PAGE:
Class A scavenger receptors (SR-A) are transmembrane glycoproteins that mediate both ligand internalization and cell adhesion. Previous studies have identified specific amino acids in the cytoplasmic tail of SR-A that regulate receptor internalization; however, the role of cytoplasmic domains in regulating cell adhesion has not been addressed. To investigate the role of cytoplasmic domains in SR-A-mediated adhesion and to address whether SR-A-mediated adhesion and internalization require distinct cytoplasmic domains, different SR-A constructs were stably expressed in human embryonic kidney (HEK 293) cells. Deleting the entire cytoplasmic tail (SR-AΔ1-55) greatly reduced receptor protein abundance. Retaining the six amino acids proximal to the membrane (SR-AΔ1-49) restored receptor protein abundance. Although SR-AΔ1-49 localized to the cell surface, cells expressing this receptor failed to internalize the ligand acetylated low density lipoprotein. Replacing the cytoplasmic tail of SR-A with that of the transferrin receptor (TfR/SR-A) resulted in retention of the chimeric receptor in the endoplasmic reticulum suggesting a specific role for the membrane-proximal amino acids in trafficking SR-A from the endoplasmic reticulum to the Golgi. Like SR-A expressing cells, cells expressing SR-A Δ1-49 displayed increased spreading and adhesion, demonstrating that the membrane-proximal amino acids were sufficient for SR-A-mediated cell adhesion. Together, our results indicate a critical role for the membrane-proximal amino acids in SR-A trafficking and demonstrate that SR-A-mediated adhesion and internalization require distinct cytoplasmic domains.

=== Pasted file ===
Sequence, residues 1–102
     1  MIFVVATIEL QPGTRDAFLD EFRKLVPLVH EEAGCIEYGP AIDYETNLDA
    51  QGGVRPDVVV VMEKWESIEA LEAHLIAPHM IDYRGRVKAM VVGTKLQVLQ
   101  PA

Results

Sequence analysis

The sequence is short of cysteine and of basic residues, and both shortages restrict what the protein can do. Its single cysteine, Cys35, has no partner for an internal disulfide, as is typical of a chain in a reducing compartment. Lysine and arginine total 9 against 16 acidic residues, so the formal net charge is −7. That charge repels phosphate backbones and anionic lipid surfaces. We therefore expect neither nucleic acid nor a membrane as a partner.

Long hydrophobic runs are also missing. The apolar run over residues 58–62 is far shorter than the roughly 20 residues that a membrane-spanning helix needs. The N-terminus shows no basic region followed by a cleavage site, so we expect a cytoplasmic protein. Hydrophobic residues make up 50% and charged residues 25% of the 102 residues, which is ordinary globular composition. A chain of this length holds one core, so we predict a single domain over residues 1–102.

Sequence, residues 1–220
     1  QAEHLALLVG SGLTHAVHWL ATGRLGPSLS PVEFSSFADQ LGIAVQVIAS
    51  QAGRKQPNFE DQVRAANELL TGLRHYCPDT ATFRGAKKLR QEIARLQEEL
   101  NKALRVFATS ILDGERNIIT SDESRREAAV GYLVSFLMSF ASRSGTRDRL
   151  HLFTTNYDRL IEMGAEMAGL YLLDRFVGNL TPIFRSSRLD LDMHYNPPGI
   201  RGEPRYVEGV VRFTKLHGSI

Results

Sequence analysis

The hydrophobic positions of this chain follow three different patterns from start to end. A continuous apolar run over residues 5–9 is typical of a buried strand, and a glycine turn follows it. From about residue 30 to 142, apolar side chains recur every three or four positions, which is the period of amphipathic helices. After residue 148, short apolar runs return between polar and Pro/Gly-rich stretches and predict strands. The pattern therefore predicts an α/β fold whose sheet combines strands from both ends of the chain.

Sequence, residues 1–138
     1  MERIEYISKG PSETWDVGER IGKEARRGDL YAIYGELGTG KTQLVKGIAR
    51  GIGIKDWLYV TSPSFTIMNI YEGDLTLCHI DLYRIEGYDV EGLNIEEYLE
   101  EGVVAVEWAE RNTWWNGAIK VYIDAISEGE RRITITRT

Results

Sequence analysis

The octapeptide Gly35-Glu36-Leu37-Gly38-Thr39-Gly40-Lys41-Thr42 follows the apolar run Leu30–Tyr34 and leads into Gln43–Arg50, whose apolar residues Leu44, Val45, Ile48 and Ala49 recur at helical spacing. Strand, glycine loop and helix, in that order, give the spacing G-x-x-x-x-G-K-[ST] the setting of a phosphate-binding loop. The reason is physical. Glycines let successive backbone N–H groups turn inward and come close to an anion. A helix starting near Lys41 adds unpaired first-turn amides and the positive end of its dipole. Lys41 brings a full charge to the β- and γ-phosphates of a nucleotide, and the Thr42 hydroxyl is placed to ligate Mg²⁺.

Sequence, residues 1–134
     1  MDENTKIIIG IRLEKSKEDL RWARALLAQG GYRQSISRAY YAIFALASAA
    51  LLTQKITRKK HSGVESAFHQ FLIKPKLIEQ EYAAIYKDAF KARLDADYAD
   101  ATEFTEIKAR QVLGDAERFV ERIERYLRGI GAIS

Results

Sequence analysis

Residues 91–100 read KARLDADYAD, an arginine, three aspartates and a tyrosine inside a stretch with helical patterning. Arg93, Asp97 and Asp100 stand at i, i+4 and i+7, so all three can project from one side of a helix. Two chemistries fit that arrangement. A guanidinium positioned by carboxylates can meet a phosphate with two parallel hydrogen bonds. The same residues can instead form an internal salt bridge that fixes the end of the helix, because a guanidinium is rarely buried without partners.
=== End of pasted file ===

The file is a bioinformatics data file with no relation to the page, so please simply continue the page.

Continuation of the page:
|Number of pages||7|
|Journal||Journal of Biological Chemistry|
|State||Published - Sep 5 2003|
ASJC Scopus subject areas
- Molecular Biology
- Cell Biology